tended toward alcoholism and was at the same time very driven, and he was very demanding. And as far as he was concerned, he said something, and we all said, “How high, sir?” And so by the time he died, after various fights over his hiding, his liquor, when his parents were coming to town, she didn't have a lot of good things to think about men or humanity in general, and sadly being A, human, B, supposedly a man, and C, a Seagraves man. Mother and I loved each other, but we had a lot of times we didn't like each other.

JE: Yeah. So then your father's name?

SS: George Basil Seagraves, Jr.

JE: And he grew up in Arkansas as well?

SS: He was in a little town in northeast Arkansas called Oh-sceola, or if you're in Florida or Kansas, Osceola. And he started the University of Arkansas at age 16 and was one of the youngest persons ever to graduate from the university. And he joined, I think at first he joined his father in a two-person firm there in Osceola.

Then he went to Little Rock for the federal group, the Works Progress Association or administration, whatever they were. And that's where we were living until he decided to get out of that, move to Sutton Garden and join a two-man practice there.

JE: So then maybe you've already described his personality, what was it like? And he struggled with alcoholism?

SS: He had a very serious tendency. He would come in on Friday night. Now first of all, you have to understand, we Seagraves all have light skin, very sensitive skin, very dark beards. I would see daddy using nothing but bits of hand soap, scrape himself up and down, have band-aids all over his face before he scraped himself and still would never not be at the office or in court on time, Monday through Friday.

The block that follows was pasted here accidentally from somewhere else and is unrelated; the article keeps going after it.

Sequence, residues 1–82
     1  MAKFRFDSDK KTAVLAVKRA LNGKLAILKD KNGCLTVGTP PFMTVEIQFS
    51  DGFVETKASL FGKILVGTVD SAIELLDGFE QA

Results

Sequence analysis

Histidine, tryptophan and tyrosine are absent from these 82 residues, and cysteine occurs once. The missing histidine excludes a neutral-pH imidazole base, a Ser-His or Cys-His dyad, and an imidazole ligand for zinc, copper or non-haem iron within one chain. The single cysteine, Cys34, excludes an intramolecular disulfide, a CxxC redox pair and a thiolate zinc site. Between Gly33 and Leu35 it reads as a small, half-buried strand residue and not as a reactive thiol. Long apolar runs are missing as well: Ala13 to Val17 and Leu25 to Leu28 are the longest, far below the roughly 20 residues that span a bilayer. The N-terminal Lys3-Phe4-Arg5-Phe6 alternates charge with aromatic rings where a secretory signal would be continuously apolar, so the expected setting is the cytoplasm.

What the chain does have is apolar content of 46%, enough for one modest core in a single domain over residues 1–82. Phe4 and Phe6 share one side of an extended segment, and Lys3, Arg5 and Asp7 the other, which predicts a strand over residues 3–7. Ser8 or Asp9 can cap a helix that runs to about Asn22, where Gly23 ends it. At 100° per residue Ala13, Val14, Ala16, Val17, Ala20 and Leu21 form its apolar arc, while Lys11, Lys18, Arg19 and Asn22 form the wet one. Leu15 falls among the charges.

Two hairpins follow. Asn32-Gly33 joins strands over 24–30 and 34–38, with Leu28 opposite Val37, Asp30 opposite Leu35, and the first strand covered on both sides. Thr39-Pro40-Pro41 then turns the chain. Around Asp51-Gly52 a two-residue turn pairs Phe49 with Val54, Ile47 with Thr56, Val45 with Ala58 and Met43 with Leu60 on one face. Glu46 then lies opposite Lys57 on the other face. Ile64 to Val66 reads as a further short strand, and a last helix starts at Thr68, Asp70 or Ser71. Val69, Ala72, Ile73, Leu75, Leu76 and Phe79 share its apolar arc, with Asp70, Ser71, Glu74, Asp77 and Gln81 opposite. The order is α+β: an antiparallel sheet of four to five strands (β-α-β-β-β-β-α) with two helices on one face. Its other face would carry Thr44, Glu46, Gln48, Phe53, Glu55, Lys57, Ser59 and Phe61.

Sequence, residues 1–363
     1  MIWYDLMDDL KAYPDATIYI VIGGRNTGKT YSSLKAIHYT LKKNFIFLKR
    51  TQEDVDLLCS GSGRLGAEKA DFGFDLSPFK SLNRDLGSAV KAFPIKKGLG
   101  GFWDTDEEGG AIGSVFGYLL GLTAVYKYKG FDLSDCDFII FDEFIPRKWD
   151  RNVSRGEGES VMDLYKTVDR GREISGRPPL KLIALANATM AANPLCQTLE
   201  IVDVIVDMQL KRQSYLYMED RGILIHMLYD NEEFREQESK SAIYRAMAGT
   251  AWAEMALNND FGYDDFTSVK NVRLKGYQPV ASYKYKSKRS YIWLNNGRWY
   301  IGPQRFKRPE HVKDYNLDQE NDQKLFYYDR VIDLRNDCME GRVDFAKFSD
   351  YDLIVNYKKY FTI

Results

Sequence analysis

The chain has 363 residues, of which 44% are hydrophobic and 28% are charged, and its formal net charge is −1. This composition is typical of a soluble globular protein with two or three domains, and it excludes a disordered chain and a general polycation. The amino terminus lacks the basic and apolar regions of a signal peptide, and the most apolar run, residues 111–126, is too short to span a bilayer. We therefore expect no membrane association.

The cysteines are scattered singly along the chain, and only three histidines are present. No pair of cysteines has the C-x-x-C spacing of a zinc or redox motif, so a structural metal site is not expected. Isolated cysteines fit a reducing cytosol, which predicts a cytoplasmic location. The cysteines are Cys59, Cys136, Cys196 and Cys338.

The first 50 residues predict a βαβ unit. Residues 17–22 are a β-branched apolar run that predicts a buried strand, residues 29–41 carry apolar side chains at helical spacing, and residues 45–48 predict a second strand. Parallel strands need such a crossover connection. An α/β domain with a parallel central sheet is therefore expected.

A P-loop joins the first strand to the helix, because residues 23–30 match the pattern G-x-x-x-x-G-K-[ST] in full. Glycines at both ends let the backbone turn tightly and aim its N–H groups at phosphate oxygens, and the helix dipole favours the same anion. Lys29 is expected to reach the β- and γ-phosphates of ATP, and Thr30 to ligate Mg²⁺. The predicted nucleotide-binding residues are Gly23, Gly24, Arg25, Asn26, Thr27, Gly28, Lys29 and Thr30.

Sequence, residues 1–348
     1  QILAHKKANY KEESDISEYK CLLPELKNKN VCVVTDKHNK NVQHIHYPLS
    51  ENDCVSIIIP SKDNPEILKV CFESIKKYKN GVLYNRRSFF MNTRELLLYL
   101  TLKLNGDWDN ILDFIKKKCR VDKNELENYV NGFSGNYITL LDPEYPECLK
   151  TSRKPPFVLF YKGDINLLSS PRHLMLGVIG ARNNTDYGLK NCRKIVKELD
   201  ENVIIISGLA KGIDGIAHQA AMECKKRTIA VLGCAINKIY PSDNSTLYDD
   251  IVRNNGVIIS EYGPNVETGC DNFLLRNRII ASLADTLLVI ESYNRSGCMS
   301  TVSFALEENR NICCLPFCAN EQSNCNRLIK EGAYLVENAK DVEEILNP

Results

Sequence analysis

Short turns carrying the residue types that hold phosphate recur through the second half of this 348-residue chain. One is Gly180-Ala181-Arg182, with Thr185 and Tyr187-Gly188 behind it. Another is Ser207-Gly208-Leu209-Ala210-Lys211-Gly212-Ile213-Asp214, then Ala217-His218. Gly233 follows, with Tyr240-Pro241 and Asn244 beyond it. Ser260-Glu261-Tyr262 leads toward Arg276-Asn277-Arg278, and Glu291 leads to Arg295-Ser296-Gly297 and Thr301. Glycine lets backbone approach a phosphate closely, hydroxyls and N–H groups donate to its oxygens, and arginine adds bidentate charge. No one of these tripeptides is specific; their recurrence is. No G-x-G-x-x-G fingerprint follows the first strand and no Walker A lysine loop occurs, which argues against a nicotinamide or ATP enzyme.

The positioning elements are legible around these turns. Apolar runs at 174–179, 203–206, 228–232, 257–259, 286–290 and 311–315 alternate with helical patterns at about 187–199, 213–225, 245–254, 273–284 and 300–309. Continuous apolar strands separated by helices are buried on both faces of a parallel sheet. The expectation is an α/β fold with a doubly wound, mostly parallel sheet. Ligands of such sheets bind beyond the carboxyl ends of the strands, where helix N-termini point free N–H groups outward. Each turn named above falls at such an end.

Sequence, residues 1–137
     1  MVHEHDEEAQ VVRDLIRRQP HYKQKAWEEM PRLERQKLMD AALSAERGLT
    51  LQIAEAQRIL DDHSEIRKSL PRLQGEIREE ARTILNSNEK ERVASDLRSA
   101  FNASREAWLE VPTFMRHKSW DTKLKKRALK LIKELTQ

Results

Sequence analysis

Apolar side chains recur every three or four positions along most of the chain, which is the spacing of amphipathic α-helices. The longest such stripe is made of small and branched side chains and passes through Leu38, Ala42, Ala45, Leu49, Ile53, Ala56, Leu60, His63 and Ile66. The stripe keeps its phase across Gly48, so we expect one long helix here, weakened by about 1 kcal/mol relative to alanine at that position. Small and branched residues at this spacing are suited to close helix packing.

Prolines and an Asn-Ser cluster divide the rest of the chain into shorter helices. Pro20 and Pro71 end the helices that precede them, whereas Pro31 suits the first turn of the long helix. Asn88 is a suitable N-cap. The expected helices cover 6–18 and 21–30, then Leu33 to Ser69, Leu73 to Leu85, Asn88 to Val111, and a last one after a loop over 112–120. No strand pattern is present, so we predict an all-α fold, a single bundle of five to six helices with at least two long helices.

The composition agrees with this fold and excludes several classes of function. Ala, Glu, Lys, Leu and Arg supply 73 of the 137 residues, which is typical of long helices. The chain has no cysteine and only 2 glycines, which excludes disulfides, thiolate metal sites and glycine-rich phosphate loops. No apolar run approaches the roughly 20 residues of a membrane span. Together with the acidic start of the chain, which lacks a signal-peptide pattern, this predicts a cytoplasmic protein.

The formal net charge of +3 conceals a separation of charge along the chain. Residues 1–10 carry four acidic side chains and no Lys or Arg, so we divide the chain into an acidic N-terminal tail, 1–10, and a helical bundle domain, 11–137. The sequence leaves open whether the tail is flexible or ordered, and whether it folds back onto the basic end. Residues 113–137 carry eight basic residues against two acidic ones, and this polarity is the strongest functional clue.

Friday evening he'd come in, he'd head out, and sometime over the weekend one of the local policemen would bring him home and say, “Miss ma’am, he's in pretty good shape, but I think you might get him to bed soon, he's going to be sick.” And then Monday morning he'd do it all over again.

John, he had been in World War II. He and my favorite uncle, the one I would have chosen for my father if I'd had that choice, they were both in the Battle of the Bulge. Uncle Leroy came back with a steel plate in his head, daddy he came back with what we now know as PTSD,

back then I think they called it either shell shock or battle fatigue. So he was a very angry and very driven man. And didn't have a lot of tolerance of anything or anybody.

I was a wimp, so you can imagine the crushing effect that had on any thought of me possibly having some worth somehow, somewhere in some entity.

JE: Yeah, did you have brothers or sisters?

SS: I have a younger sister, she's a year younger than I am, she's living up here about 15 minutes from me. She was a year behind me in school, she was the one that always heard,

“Oh George was such a marvelous student and he always had such wonderful grades,” which she took his meaning, “..and you're a dummy.” No, George was lucky enough he could read anything once and ace the test. Sis, as we both learned when we hit college, had the better idea.